SA: One of the ways you were able to prove that song knowledge is innate¿rather than learned¿for certain species was by depriving young Phoebes of their ability to hear.
DK: We¿d done a bunch of experiments, but we knew that the final step before we could declare that they do not learn was to prevent them from hearing themselves practice. So we removed the cochlea from the ears of a few Eastern Phoebes [Sayornis phoebe], and they still perfectly produced these beautiful songs. They should not have been able to develop normal songs after being deafened if there was any learning component at all.
SA: You¿ve compared the Three-wattled Bellbird of Costa Rica to the Humpback whale [Megaptera novaeangliae] because their songs evolve rapidly within each generation. How have the bellbirds¿ songs changed since people started recording them?
DK: We have a series of recordings going back to the mid-1970s, giving us nice documentation of their songs in three dialects. In two of the dialects, the songs of the Seventies are drastically different from the songs today. In the third dialect, the one we¿re working with more carefully, we can plot many of the microchanges over time.
One change is a very loud whistle that has been declining in frequency [pitch] since the 1970s. The frequency has gone from about 5,500 Hz, or cycles per second, down to about 3,700 Hz. That¿s an enormous drop, and it¿s an average drop of 70 Hz per year from the 1970s to 2001.
SA: Is the Bellbird unique among birds in that its songs evolve this way?
DK: These birds are relearning their songs probably all the time as they monitor what other birds are singing. This kind of change has been found in only a couple of other birds, including the Yellow-rumped Cacique [Cacicus cela] in Panama. It¿s a blackbird and it lives in colonies. The songs within colonies change within a generation.
In birds that have fairly short lives, such as Indigo Buntings [Passerina cyanea], which live a couple of years, once the male develops his song he sticks with it throughout life. Each individual male is not constantly relearning his songs over time.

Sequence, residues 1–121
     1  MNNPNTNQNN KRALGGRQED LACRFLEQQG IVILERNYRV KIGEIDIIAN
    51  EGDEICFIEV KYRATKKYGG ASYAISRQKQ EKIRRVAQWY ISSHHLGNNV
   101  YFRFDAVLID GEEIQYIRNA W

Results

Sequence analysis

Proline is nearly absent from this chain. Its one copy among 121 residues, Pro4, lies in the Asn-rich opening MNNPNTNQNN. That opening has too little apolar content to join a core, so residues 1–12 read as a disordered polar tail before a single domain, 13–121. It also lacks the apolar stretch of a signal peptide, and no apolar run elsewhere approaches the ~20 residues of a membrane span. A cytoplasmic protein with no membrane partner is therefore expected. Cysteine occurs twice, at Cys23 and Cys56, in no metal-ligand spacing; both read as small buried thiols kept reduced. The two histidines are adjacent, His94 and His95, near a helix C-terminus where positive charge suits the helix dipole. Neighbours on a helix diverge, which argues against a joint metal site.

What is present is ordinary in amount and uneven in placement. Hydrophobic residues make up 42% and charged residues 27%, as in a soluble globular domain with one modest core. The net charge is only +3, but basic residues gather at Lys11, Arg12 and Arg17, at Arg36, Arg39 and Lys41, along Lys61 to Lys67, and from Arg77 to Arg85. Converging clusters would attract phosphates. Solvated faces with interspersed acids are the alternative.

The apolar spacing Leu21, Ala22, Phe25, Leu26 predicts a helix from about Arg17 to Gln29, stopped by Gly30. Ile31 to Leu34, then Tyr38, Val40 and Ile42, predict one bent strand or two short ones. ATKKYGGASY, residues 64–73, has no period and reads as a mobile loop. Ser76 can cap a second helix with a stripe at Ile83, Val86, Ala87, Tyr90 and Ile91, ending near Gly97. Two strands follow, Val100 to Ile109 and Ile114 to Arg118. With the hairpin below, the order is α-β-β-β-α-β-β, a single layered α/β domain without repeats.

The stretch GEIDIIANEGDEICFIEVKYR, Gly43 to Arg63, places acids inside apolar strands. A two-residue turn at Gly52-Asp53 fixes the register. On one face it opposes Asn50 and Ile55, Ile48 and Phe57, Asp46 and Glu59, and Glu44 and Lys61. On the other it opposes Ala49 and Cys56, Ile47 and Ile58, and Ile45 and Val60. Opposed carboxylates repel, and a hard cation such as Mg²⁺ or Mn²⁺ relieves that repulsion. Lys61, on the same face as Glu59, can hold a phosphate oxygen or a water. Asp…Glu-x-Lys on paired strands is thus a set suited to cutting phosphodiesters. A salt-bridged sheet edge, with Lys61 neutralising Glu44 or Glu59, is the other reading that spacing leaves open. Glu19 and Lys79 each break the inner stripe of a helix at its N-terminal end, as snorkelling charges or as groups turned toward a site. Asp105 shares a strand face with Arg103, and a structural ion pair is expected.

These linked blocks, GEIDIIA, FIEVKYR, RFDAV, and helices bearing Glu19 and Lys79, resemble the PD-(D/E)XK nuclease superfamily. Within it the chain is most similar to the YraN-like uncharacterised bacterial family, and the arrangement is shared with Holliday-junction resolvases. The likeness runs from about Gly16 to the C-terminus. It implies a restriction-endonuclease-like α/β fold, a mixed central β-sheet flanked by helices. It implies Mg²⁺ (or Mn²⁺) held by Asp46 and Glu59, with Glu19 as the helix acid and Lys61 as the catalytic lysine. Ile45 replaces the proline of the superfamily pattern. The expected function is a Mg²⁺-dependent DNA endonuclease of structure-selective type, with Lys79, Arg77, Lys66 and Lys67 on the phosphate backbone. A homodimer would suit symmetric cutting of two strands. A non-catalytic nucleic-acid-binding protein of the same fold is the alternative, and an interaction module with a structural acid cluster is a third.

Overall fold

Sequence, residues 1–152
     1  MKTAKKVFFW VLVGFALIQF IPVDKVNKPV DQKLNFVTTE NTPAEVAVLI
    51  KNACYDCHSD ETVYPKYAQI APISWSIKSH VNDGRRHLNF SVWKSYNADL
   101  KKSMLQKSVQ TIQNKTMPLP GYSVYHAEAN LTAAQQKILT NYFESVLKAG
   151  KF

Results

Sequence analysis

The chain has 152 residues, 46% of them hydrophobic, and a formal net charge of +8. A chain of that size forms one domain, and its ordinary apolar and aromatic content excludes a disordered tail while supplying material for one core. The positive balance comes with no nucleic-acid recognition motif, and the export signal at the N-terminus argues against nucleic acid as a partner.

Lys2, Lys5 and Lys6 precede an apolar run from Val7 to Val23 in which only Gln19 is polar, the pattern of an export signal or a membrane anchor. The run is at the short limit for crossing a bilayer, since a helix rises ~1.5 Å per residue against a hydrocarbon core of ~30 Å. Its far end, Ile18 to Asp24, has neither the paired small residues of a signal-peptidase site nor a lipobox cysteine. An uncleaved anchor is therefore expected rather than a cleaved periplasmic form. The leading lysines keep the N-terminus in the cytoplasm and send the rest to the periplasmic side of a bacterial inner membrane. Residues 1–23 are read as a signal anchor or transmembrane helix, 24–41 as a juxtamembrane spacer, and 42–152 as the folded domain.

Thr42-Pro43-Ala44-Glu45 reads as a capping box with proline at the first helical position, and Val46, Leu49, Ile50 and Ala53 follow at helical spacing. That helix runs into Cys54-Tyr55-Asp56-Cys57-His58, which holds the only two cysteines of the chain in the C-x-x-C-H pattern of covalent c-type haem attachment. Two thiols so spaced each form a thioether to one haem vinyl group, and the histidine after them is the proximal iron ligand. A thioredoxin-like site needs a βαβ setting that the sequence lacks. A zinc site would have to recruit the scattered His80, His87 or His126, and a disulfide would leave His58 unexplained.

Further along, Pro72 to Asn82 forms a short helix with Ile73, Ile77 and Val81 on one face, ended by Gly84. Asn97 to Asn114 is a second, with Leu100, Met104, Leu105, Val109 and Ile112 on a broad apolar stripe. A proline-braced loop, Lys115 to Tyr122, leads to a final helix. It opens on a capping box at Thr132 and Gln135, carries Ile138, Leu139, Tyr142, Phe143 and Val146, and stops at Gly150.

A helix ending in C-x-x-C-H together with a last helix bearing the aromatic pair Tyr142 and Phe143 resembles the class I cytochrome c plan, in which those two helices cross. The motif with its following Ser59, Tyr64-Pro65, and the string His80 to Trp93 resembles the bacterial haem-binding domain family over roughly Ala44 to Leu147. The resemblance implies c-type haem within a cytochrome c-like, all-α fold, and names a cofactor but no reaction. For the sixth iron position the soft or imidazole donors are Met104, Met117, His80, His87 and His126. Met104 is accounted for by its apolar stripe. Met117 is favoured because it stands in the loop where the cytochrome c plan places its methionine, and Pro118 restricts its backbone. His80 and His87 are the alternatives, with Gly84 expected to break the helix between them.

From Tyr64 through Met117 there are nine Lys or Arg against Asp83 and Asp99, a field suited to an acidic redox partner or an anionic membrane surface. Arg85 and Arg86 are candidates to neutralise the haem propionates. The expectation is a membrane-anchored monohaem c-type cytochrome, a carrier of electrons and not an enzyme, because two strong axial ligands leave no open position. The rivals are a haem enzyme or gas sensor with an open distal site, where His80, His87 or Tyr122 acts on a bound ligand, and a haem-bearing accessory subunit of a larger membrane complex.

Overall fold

SA: Why do you think the Bellbirds¿ songs change?
DK: Probably like in most lekking systems, relatively few males are successful. The males display [before an audience of females], and many of the females agree as to which is the best male. The females are probably in charge of this system that enables males to show how long they¿ve been around, whether they¿re singing the songs of the local dialects and keeping up with the changes. So the successful males could be changing their songs, forcing the other males, especially the younger birds, to keep up with them. It may be a way for the females to be able to identify the dominant males or the ones who have been in the population the longest.
SA: And one of the ways you were able to prove that Bellbirds learn their songs is that you found they could mimic other birds.
DK: A friend told me about a city called Arapongas in Brazil. If you say "Arapongas" and emphasize the "pong," more or less they¿re describing the song of the Bare-throated bellbird that lives in southern Brazil. The town is named after the bird.
People keep Bellbirds in cages in this town. My friend heard a caged bellbird making sounds like a Chopi blackbird [Gnorimopsar chopi] there. He found out that it had been raised with Chopi blackbirds and had learned elements¿the whistles and the purr¿of their songs. This was a nice experiment done by bird fanciers, and we were able to obtain what I see as unequivocal proof that this one bellbird learned its sounds from the blackbirds.
SA: Why do you find the Bellbird project so compelling?
DK: It¿s difficult to think objectively once you see these birds because they are so charismatic. They hop around on their perches, they square off, they push each other off perches, they scream in each other¿s ears, they stick their heads into other birds' mouths. They¿re just extraordinary.